Who was Amy Duggan Archer Gilligan and what did she do that was so wrong? Amy was born in Litchfield, CT in 1873 to the parents of James and Mary Duggan. There are no other records about Amy until 1890 when she attended Britain Normal School and then blank again until 1896 when she married her first husband, and victim, James Archer (Reynolds, Somerville, & Stevens). In 1901 her story begins when she and her husband found employment as in-home caretakers for John Seymore. Sadly, Seymore died in 1904. However, the lovely couple continued to live in Seymore's home after his death and raised money by caring for elderly boarders. Sadly, in 1907, Seymore's relatives decided to sell the house, forcing Amy and her husband to move elsewhere. They bought a brick house and opened their own elderly care home which they called the Archer Home for Aged People. In 1910, Amy's husband passed away due to kidney failure which originated from an unknown origin (Bovsun, 2010).
And here is where the story gets good. Soon enough, Amy snatched up her second husband, and victim, Micheal Gilligan. They married in 1913 and after only three months of marriage, Gilligan passed away. The cause: severe indigestion. Soon enough, the Archer Home for Aged People grew into a death sentence for any elderly person to walk through the door and sign up for the payment plan. Amy had two types of payment plans for her guests. The first option was to pay on a weekly basis. The second was to pay a single flat fee of $1000 and in exchange, the lovely Amy would care for you as long as you continued to breathe. Sadly, this didn't last long in the Archer house. Those who chose the second method of payment would pass away before they even unpacked their suitcase (Bovsun, 2010).
Within a few more years, suspicions started to rise and everyone was starting to wonder what was really going on behind those brick walls. Since the start of the nursing home in 1907, there had been an astonishing sixty deaths, fourty-eight occurring since 1911. However, Amy wouldn't be in business for much longer. When a man named Franklin Andrews passed away after being in Amy's care, his sister, Nellie Pierce was the first to act. Nellie didn't buy the fact that one day her brother was cheerfully working the Archer's home garden and dead the very next. Nellie went to the district attorney, and when they wouldn't listen, she went to the papers. Soon, there was enough suspicion for the police to act. The investigation lasted seven months (Bovsun, 2010).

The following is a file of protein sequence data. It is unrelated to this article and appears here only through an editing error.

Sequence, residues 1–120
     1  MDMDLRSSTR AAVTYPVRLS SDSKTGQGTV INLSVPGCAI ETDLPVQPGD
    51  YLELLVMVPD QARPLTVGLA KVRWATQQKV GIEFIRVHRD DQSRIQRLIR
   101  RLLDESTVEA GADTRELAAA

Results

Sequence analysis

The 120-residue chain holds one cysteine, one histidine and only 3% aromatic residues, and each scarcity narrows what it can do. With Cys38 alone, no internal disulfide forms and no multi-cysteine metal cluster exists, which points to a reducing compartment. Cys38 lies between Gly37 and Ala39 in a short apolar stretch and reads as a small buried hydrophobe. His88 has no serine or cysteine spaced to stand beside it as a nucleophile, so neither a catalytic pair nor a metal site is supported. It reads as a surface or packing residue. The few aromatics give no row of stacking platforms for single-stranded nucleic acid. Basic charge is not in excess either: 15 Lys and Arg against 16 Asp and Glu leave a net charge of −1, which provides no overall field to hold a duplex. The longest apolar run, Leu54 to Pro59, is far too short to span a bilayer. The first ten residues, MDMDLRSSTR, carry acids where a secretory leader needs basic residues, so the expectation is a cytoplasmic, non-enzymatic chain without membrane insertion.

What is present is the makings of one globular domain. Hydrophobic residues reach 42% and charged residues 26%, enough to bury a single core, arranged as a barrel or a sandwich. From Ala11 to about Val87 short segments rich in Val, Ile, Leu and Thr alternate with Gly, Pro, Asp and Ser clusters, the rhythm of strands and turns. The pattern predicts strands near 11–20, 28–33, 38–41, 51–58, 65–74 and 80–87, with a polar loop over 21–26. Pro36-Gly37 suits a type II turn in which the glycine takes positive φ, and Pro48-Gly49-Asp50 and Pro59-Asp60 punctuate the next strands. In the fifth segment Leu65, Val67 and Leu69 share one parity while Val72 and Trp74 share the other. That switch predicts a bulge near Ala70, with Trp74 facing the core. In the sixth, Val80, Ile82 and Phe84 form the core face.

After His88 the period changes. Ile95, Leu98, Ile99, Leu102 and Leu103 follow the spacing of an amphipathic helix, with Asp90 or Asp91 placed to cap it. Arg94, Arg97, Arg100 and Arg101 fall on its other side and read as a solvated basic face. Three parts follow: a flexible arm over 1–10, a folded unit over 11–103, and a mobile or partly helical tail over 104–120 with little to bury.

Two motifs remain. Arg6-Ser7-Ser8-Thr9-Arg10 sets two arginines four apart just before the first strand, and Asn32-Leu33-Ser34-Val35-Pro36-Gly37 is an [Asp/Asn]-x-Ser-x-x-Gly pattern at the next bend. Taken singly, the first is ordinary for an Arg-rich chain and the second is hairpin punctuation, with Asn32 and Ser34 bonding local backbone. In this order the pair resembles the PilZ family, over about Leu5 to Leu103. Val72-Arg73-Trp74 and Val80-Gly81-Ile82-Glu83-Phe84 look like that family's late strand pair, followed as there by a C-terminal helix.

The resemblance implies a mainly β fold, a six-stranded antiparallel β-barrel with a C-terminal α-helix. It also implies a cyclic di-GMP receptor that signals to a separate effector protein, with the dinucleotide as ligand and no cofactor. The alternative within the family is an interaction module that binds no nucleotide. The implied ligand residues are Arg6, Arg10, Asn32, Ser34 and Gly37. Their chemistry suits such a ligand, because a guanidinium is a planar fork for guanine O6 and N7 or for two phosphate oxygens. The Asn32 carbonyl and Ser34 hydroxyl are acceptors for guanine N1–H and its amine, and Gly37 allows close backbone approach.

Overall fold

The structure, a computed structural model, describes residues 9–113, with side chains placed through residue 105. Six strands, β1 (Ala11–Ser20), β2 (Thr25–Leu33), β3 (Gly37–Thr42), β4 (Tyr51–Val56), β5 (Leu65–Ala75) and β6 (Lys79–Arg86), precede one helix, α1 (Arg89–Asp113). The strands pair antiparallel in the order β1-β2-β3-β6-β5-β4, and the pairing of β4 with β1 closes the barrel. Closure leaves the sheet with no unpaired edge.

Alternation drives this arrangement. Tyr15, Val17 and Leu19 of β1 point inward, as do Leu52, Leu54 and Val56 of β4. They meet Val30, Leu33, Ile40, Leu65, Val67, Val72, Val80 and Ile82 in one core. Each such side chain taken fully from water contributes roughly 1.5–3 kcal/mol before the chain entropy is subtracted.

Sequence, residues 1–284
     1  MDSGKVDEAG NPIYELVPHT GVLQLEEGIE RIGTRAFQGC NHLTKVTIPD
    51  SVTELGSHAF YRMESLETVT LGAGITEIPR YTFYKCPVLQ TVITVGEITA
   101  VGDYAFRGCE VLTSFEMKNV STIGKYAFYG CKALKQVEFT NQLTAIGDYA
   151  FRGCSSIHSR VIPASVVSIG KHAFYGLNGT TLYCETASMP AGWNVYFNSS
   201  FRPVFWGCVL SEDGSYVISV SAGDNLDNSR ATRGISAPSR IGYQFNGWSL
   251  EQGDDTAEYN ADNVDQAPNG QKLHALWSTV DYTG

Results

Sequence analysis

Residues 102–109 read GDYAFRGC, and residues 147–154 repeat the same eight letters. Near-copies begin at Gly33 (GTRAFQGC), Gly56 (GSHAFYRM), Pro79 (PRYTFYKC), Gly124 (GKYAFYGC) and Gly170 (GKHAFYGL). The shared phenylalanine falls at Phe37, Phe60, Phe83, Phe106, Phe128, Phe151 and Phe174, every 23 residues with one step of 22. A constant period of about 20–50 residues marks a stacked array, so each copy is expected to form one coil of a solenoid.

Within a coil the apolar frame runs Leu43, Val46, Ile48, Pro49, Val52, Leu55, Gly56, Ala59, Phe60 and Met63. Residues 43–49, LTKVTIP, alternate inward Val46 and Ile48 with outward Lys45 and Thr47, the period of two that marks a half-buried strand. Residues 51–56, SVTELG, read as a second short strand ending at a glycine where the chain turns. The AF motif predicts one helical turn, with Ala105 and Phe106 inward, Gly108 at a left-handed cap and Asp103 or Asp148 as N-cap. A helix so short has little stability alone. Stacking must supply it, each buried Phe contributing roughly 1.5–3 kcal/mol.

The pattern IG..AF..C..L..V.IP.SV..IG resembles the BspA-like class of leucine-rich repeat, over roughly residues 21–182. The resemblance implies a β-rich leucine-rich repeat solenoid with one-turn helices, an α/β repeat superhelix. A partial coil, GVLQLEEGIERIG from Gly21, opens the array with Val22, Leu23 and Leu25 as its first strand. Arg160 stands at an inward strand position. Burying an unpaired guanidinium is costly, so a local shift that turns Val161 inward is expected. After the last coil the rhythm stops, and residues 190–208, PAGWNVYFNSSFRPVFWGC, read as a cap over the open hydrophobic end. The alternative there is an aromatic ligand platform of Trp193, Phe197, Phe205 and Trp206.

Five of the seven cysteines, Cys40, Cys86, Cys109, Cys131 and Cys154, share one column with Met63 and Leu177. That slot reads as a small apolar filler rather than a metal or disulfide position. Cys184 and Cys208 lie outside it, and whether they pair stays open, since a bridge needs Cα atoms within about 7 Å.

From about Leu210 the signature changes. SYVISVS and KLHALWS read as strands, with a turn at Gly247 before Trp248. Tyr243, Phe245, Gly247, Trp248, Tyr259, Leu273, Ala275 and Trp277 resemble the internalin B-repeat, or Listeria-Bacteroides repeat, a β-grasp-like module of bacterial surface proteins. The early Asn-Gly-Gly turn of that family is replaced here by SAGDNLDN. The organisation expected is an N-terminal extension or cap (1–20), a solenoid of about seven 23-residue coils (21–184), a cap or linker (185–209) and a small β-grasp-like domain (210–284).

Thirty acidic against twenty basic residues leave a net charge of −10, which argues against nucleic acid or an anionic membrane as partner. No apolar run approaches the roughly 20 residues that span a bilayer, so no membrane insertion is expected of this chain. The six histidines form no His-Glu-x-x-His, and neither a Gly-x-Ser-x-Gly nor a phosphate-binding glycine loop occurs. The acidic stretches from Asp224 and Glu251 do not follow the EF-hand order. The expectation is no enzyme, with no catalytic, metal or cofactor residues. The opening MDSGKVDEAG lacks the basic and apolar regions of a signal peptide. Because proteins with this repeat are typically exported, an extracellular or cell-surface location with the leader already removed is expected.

Two years after his death, Franklin's body was recovered and an autopsy was preformed. Sure enough, he had not died how Amy said. Found in the autopsy was arsenic, almost enough to kill seven men. After this the police recovered Amy's second husband. Once again, arsenic poisoning was the cause of death. Soon enough, everyone was stepping forward, providing pieces of a very big puzzle. Local merchants told police that Amy had purchased huge amounts of arsenic to kill "rats" (Bovsun, 2010).
Amy's trial took play on June 18, 1917. She was convicted of murder and was sentenced to be hanged. However, the verdict was soon reversed due to a technicality. During the second trial, Amy pleaded guilty and was sentenced to life in jail. She was sent to the state prison, then to Wethersfield Cove, a prison that normally only housed men. Soon, Amy was declared insane and spent the last years of her life at a state mental hospital in Middletown. She died there in 1962 at the age of 89, outliving almost everyone who had been involved in her case. However, the legend of Amy Gilligan and her Murder Factory still stands strong. To this day there are plays, movies, and books about this woman and all the people she murdered behind those brick walls (Ryan, 1997).
Bovsun, M., (2010, January 17). The crime story behind classic comedy, 'arsenic and old lace'. Retrieved from http://www.nydailynews.com/2010-01%2017_comedy_and_killing_truth_to_arsenic_old_lace.html
Reynolds, S., Somerville, M., & Stevens, A., (n.d.). Amy archer-gilligan "sister". Retrieved from http://maamodt.asp.radford.edu/Psyc%20405/serial%20killers/Archer-Gilligan,%20Amy.pdf
Ryan, B., (1997, March 2). Whatever went wrong with amy? New York Times.